To make matters worse, I think I left Liam's charger in those shoes.  Double runner fail.


The Death of Speed

While in southern Texas over Fourth of July weekend, just missing a hurricane and eating more BBQ than I thought possible, I had an epiphany: speed is not my thing.

We were visiting a close friend in McAllen, TX July 1-6. I had full intentions of keeping up my Summer of Speed training while on vacation, but one night in central AC and I couldn't wake myself up before 9am.  It was great and horrible at the same time.  For all the luxuries that New York City has for some reason central AC still hasn't caught on--even in my current apartment building which is only three years old.  If you have been to southern Texas, you know that you need to get out there at dawn if you're going to do any kind of physical activity, so 9am was not an option.

For a couple nights we stayed on South Padre Island and being across the street from the beach was too much to ignore.  Our first morning there I fought off the siren song of central AC and forced myself out the door by 7:30...barefoot.  That's right.  Not only was I going to run on the beach--which I've never done--I was also going to do it barefoot.  I figured when else would I have a chance to do this?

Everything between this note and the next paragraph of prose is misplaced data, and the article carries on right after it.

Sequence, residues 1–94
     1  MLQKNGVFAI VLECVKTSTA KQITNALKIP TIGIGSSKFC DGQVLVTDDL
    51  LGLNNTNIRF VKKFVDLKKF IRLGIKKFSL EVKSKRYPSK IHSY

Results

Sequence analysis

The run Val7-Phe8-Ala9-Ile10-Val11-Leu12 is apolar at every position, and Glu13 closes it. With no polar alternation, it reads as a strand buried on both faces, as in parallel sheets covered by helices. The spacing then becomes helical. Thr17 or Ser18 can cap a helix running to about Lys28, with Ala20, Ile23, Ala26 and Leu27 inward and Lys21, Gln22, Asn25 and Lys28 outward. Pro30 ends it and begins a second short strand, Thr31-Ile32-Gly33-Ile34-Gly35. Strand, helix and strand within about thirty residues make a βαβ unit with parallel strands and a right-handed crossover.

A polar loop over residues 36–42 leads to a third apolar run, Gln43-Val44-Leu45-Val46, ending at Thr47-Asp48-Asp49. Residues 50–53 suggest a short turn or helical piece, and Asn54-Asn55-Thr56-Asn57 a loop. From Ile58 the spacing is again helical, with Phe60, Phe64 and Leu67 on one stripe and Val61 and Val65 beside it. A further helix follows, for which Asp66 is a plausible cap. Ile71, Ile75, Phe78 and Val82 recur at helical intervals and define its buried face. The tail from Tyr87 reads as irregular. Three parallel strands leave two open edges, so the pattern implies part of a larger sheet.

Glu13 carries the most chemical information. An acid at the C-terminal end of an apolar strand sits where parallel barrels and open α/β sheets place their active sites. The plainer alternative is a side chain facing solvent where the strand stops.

I stashed my flip-flops under the boardwalk in hopes that no one would find them.  The sun was bright and pretty high already, but the strong breeze and reduced temps left over from the hurricane made it downright tolerable.  I set off going south for three miles and then returning, for a total of six miles.  I didn't set any speed requirement since I've never run barefoot or on sand before.

The sand was fine, compact, and mostly free of shells/debris; ideal for running.  I noticed immediately that my heels had to go further down during each stride and that my calves were stretching out.  But after the first half-mile I was totally down with the form and stride adjustments.